The countries agreed to exchange intelligence gathered from the interception and translation of foreign correspondence. One passage stated: “It will be contrary to this agreement to reveal its existence to any third party whatever.”

Within nine years, Canada, Australia and New Zealand joined the signal intelligence (SIGINT) sharing operation. The group became known as Five Eyes (FVEY), shorthand for the AUS/CAN/NZ/UK/US EYES ONLY classification level. The network connecting the alliance became known as Stone Ghost.

In 1964, FVEY established the International Telecommunications Satellite Organization (INTELSAT), which would go on to own and operate a fleet of satellites under the guise of civilian control . In 1966, the first satellite of the new ECHELON system was launched into orbit.

In 1970, GCHQ set up a secret signal station in Morwenstow near Cornwall, England, to intercept satellite communications over the Atlantic and Indian Oceans. Soon afterward, the NSA built a station in Yakima, WA, to begin interception over the Pacific Ocean.

Omnipresent Surveillance

Most reports on ECHELON focus on satellite interception, which has dwindled to a small percentage of traffic. It has been revealed that the program also employs other means to monitor all landline and cellular telephone calls, email, faxes and texts and augments them by purchasing information from corporate entities.

Modern fiber optic cables deliver data much more efficiently than satellites ever could. Advances in technology, convenient for consumers, are a boon to those who vacuum up information. Most of us carry mobile phones at all times, emailing, texting, surfing, sometimes even talking.

To eavesdrop on terrorists, druglords and hostile foreign governments, ECHELON must capture everyone’s communications and use its supercomputers to analyze them for keywords. That can lead to mistakes such as the listing of a woman as a possible terrorist after she called a friend and told her that her son had just “bombed” in his school play.

Fear of terrorism since September 11, 2001, has led many to believe security and privacy are mutually exclusive. No matter where anyone stands on that issue, one thing is clear: The apparatus used to surveil everyone was in place long before that attack.

Can you hear me now?

In the US, the NSA grabs three billion conversations each day and stores the “metadata”—phone numbers, date and time, length of call—for 18 months. Spoken conversation is legally protected; the audio is not supposed to be monitored. (The experience of that mom would seem to put the lie to that.) NSA computers also capture every out-of-country call and email to or from a US citizen. In this case, the content is considered fair game. Agents are authorized to read or listen to any of them.

When paired with public information on services such as Google, Yelp and Facebook—which is not subject to the same legal protections as phone calls—Stanford researchers were able to use metadata to identify names, partners, pregnancies and medical problems as well as calls to gun stores, head shops and prostitutes.

In 2013, after Edward Snowden‘s act of whistleblowing, treason or both,  Stewart Baker, former general counsel for the NSA, admitted,  “Metadata absolutely tells you everything about somebody’s life.”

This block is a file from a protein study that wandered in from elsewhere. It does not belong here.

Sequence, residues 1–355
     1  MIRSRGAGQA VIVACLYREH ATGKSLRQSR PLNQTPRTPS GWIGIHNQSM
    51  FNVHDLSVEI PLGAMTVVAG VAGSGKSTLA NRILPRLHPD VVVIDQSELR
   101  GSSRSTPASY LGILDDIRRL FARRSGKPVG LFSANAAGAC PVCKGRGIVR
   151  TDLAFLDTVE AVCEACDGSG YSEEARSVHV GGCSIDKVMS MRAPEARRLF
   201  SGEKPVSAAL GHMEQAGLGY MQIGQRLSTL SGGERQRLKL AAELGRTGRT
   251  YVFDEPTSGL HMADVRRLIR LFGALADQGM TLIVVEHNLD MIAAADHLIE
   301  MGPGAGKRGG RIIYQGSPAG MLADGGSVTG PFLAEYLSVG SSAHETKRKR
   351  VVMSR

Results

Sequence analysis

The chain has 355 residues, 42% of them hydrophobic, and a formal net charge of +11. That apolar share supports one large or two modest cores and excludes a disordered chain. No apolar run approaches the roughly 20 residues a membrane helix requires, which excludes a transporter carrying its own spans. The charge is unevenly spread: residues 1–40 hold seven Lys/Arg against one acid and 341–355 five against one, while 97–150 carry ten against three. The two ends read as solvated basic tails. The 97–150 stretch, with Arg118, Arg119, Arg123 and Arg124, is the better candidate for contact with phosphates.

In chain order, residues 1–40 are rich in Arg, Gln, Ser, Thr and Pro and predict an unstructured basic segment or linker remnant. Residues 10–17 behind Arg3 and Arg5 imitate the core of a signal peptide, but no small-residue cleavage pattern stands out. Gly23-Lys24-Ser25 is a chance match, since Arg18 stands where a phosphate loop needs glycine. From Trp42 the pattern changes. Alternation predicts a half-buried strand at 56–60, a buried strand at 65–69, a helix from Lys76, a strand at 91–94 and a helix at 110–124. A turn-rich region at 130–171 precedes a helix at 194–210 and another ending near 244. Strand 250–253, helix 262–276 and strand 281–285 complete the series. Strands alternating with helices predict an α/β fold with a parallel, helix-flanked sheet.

Its XKeyscore program captures approximately 40 billion Internet records every month, adding them to its digital storehouse, including emails, Google searches, websites visited, Microsoft Word documents sent, etc.

NSA’s annual budget includes $250 million dollars for “corporate-partner access,” a term of art for its payments to acquire material compiled on corporate computers. It collects so much data that it maintains 700 servers at 150 sites.

On August 13, 2016, a group calling itself the Shadow Brokers announced it had hacked Equation Group, which allegedly carries out cyber attacks on behalf of the NSA. It proved its claim by releasing two sets of highly sophisticated malware and hacking tools used by Equation Group and promises to sell the rest for $1 million in Bitcoin—roughly $574 million US dollars.

Do the Wave?

We must admit we don’t feel much like waving, and not just because today’s observance has been called the laziest protest ever. During our research, we’ve conducted 28 Google searches and read 47 posts at 34 sites, excluding Wikipedia entries. We suspect that even if we don’t wave at surveillance today, it may be waving, however briefly and figuratively, at us.

Try to have a happy International Wave at Surveillance Day. We can all blame Zorbitor if we end up on a no-fly list.


Copyright © 2017 Worldwide Weird Holidays

July 26 is Esperanto Day

international esperanto day

Dr. L.L. Zamenhof

Today is Esperanto Day. On July 26, 1887, Dr. L.L. Zamenhof published Dr. Esperanto’s Lingvo Internacia (International Language), also known as Unua Libro (First Book), a textbook about the new language he’d just invented.

Zamenhof didn’t create Esperanto as an intellectual exercise. It was his practical solution to an issue dividing people and cultures. He built a common language to allow everyone to communicate freely, without the need for the translation and manipulation of governments.

Esperanto is comparatively easy to learn due to its logical construction. It employs phonetic spelling and 16 basic rules of grammar that have no exceptions, eliminating the frustration familiar to a student of any other language. Because it uses the roots of European languages, mastering Esperanto as a second language can make it easier to learn a third.

Zamenhof wrote, “An international language, like a national one, is common property.”  He renounced his rights and placed his work in the public domain. He used the pen name “Doktoro Esperanto” (Doctor One-Who-Hopes). Students began to call it “Esperanto” and the name stuck.

Today, approximately two million people speak Esperanto and there are many magazines, books, clubs and pen pal programs devoted to it. Community members often seek each other out when traveling. Esperantists make friends all over the world.

Dr. Zamenhof would be proud.

Fun fact:

In 1966, William Shatner starred in Inkubo (Incubus), the first and only movie filmed entirely in Esperanto. In his autobiography, Shatner wrote that he simply memorized his lines and never saw the completed film because he doesn’t watch his own performances. He joked in the book that he certainly wasn’t going to break that self-imposed rule to watch himself trying to speak Esperanto. (If you care to watch this scene, we think you’ll agree that he made the right decision.)

Shatner was cast in Star Trek soon after and never had a need to learn the language. Some Esperantists who’ve seen the horror film say his diction was off and at times the actors appeared to be reading from off-camera cue cards. We’re not sure how Dr. Zamenhof would feel about that.

Happy Esperanto Day!

Copyright © 2017 Worldwide Weird Holidays